her. At which point he quickly puts his sting into motion,
and tells her that truthfully, he’s been taken off the case
4) Columbo nails the killer with that undeniable piece of evidence.
Yes, but it is just as much Margaret and him wearing her down
so she is not even thinking straight anymore. As she
herself asks earlier, “but don’t the guilty under pressure
sometimes do the illogical thing?”. To which Columbo
replies, yes, in fact that’s what always does them in
Ransom for a dead man is one of my favourite episodes. In terms of point #2 I think the element of suspicion started before Columbo arrives on the scene. He turns up at the house specifically to tell the FBI that the police have found the car. This is a minor detail and the FBI are given this information over the phone anyway. However. Later in the episode Columbo drops the information that the driving side car seat was pushed far too forward for the victim to have been driving. Suggesting that a woman was driving. So he new this before he turns up. In my opinion. The hole nonsense at the door were he gets her to help look for his pen is a test. He knows a woman is involved so tries to test the only woman. If her husband was genuinely missing she wouldn’t be messing around outside looking for a pen. He is on to her before we even see him. Legend
I thought Columbo might be trying to test her
visual acuity in darkness. As she is able
to spy something, though not his lost pen.
Maybe he suspects she ambushed her husband
from behind in darkness in his car.
The other thing he asks is to see both the ransom
note and the envelope it came in. Why? Is he looking
to see if they were lettered by the same person?
Maybe at this point, he’s concluded that Leslie’s involved
in the kidnapping. Until realizing later (in the restaurant
scene with Margaret) that it was murder from the start.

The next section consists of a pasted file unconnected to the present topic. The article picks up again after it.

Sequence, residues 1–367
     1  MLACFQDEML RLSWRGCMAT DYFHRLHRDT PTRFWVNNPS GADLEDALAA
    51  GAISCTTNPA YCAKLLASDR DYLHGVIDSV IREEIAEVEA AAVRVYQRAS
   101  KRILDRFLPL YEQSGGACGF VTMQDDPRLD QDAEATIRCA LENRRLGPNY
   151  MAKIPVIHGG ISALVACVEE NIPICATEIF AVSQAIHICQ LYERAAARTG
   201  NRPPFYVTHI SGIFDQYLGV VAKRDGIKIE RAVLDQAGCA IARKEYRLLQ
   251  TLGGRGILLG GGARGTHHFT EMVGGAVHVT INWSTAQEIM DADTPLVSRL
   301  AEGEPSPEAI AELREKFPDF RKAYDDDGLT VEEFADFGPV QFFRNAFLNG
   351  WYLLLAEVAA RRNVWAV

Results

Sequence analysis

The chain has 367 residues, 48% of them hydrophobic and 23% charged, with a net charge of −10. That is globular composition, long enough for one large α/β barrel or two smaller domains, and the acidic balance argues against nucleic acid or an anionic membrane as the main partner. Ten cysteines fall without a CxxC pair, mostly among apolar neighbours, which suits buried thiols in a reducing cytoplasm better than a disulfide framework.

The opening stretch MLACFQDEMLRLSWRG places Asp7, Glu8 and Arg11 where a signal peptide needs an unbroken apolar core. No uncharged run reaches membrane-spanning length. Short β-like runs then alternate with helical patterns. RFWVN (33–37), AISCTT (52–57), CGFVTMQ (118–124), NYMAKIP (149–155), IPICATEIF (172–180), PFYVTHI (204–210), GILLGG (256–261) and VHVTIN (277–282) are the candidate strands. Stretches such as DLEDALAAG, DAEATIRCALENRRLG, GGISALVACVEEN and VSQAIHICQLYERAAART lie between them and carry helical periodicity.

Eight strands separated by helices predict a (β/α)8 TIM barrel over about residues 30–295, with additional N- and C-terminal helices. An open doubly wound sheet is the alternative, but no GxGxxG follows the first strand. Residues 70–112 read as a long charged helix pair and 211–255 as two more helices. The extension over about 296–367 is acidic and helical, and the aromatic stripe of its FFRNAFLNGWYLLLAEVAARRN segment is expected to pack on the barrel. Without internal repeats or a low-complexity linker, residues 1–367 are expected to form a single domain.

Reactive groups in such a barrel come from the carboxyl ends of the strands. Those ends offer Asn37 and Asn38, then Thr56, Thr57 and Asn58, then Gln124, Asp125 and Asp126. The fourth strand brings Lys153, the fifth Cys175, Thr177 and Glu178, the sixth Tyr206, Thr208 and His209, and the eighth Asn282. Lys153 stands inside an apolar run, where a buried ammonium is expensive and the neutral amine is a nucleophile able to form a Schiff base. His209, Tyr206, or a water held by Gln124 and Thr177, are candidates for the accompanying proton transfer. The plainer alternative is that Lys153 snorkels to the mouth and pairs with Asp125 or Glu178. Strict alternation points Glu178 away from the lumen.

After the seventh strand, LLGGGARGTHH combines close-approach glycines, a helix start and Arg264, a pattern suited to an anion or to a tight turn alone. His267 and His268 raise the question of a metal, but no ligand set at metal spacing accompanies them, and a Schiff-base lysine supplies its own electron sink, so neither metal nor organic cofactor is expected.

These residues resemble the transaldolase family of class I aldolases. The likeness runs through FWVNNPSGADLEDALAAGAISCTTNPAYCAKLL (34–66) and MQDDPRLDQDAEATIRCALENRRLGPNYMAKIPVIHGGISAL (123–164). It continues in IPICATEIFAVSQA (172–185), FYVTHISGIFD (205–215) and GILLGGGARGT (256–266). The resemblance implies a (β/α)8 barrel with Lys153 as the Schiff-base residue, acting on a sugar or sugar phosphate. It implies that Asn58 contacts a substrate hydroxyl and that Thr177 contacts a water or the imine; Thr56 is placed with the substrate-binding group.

Regarding #2, he was onto her even before she dropped the bag. If you remember, he looked shocked when she told the FBI agent that she brought her own bag when they were putting together the ransom money…who does that? I believe that made him even more suspicious and he believed she was up to something. If you add that to his earlier suspicion of a woman’s involvement before he even got to the house (regarding the driver of the car), the fact that the “kidnappers” knew so much information (she flies a plane, her husband’s itinerary), the missing keys, and of course her cool, calm behavior…I think #2 holds up pretty well. I agree with you completely on #4 though…
Columbophile, by your caption
below for one of your pictures,
I gather that the version you saw had the scenes
in the right order.
“Columbo regretted his decision to have chilli for lunch…”
So in your (correct) version, the lunch scene comes *before*
the flying scene. Not so, in the free streaming version you
posted for the 50 Year Anniversary post for this episode.
It’s shown out of order, right after the flying scene.
By the way, Ransom for a Dead Man pays homage to
Stanley Kubrick’s “The Killing”. Those of you with a copy
of the heist film, may want to watch it again to see if they
can catch all the things referenced by the episode.
This episode has many
elements reused in later
episodes. Which over the years has diminished the
huge impact that this exciting pilot once had.
Brilliant and cool-headed but heartless attorney
Leslie Williams dispatches her once useful aging
husband to move on with her life. And to steal the
$300 K ransom money she raises from his estate.
After a staged kidnapping that hoodwinks the FBI,
Columbo takes over the investigation when the husband’s
body shows up. He has noticed Leslie’s inconsistent
behaviour from the beginning.
Also ballistics shows that her husband was shot by
someone he knew, and at a place where bullet evidence
would be incriminating. Leslie’s handling of the
drop for the ransom money suggests she pocketed the
money by switching bags. Finally Leslie’s own replies
to Columbo helps to narrow down the list of murder
suspects to her.
But because of the FBI’s bungling of the case,
hard evidence is lacking. The main fly in Leslie’s